Food In Canada

Food Law: Health Canada proposes a new pre-market submission process for supplemented foods

By Laura Gomez and Kiah Barton, PhD   

Regulation Editor pick food law Health Canada Supplemented foods

Photo © Scanrail / Adobe Stock

Health Canada is proposing a new pre-market submission process for supplemented foods. Once finalized, this guidance will support the addition of new food categories and new ingredients to the supplemented food regime in Canada.

The supplemented food regulations that came into force last summer allow for the sale of certain categories of supplemented foods (e.g. bars, water-based beverages, chewing gum) supplemented with certain permitted ingredients (e.g. vitamins, minerals, amino acids, caffeine). It was supported by years of research under the temporary marketing authorization (TMA) regime. The ability to supplement foods is not a free for all—the categories, ingredients, and levels are limited, as set out in the Lists (the List of Permitted Supplemented Food Categories and the List of Permitted Supplemental Ingredients). Supplemented foods also have specific labelling requirements, including cautionary statements in some cases.

The draft guidance describes the process to request a change to the existing Lists. A submission must be filed, including a description of the requested change and scientific evidence that supports the safety of the change. If the requested change meets the requirements, the List will be updated.

With respect to safety of supplemental ingredients, the proposed process intends to address a range of ingredients, from plant extracts commonly used under the TMA regime to new ingredients. A significant breadth of data is identified to support the addition of a new substance or modification to an existing entry. The Food Directorate will consider scientific evaluations and approvals from other programs, such as the European Union Food Safety Authority, but will conduct its own assessment. As such, it will be the responsibility of the applicant to submit sufficient information for a complete assessment, including a full review of the potential risks and toxicological data.


The list of toxicological data that can be submitted closely resembles that evaluated by the Joint FAO/WHO Expert Committee on Food Additives (JECFA) in their toxicology monographs, and includes acute, short- and long-term toxicity; genotoxicity; reproductive and developmental toxicity; and pharmacokinetics studies. The Food Directorate expects these studies to be performed according to robust testing standards and are supportive of non-animal methods, provided they give results of comparable quality.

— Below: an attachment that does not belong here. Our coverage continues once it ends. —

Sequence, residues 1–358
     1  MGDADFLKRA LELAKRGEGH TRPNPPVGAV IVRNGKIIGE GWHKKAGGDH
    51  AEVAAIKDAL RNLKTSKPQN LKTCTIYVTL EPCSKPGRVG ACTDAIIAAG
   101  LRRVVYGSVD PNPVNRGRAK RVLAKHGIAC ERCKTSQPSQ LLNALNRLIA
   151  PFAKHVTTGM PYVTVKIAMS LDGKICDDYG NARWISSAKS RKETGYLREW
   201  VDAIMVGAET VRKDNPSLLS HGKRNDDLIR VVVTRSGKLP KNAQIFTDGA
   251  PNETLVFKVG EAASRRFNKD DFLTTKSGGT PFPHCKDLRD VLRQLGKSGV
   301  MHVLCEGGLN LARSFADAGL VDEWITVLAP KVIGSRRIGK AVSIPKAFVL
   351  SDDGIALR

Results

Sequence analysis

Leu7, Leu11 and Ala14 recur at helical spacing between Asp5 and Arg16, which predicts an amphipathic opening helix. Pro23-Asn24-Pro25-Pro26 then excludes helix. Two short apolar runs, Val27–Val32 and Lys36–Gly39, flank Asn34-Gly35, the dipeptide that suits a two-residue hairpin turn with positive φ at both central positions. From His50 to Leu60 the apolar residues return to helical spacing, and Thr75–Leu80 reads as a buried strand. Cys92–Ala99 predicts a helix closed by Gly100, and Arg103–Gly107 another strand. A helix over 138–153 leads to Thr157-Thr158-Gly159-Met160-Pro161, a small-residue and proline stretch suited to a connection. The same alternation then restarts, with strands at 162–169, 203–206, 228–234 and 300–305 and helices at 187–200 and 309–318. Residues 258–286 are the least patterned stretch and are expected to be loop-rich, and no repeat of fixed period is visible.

The draft guidance provides human clinical trials may be submitted, but with the limiting condition that trials primarily focused on the therapeutic effects of the ingredient will not be considered “sufficient for use in a safety evaluation”. Given the extent of the toxicological evidence contemplated, it would be valuable to stakeholders if the guidance included minimum evidence requirements, tailored to various levels of request complexity.

Considerably less information is provided on the data required to support a modification request. The applicant will be expected to provide an overview of anticipated intake across life stage and gender groups but is unclear how the Food Directorate will determine which supplemental ingredients may be permitted for use within a new food category and whether it is the responsibility of the applicant to provide safety evidence to support this decision.

Also, the draft guidance doesn’t include performance standards or timelines for the review of new submissions. The fact that the Lists are incorporated by reference, and can be changed without a formal regulatory process is beneficial, but reasonable and predictable performance standards for new submissions will be key to ensuring the framework is agile enough to encourage innovation and provide Canadians with safe access to new supplemented foods. Given how easy it is for Canadians to order online and legally import a variety of foods under personal exemptions, the Canadian regulatory regime needs to adapt to keep pace.

Dr. Kiah Barton is a scientific research advisor and Laura Gomez is a lawyer in Ottawa’s GowlingWLG food law group.

This column was originally published in the February/March 2023 issue of Food in Canada.

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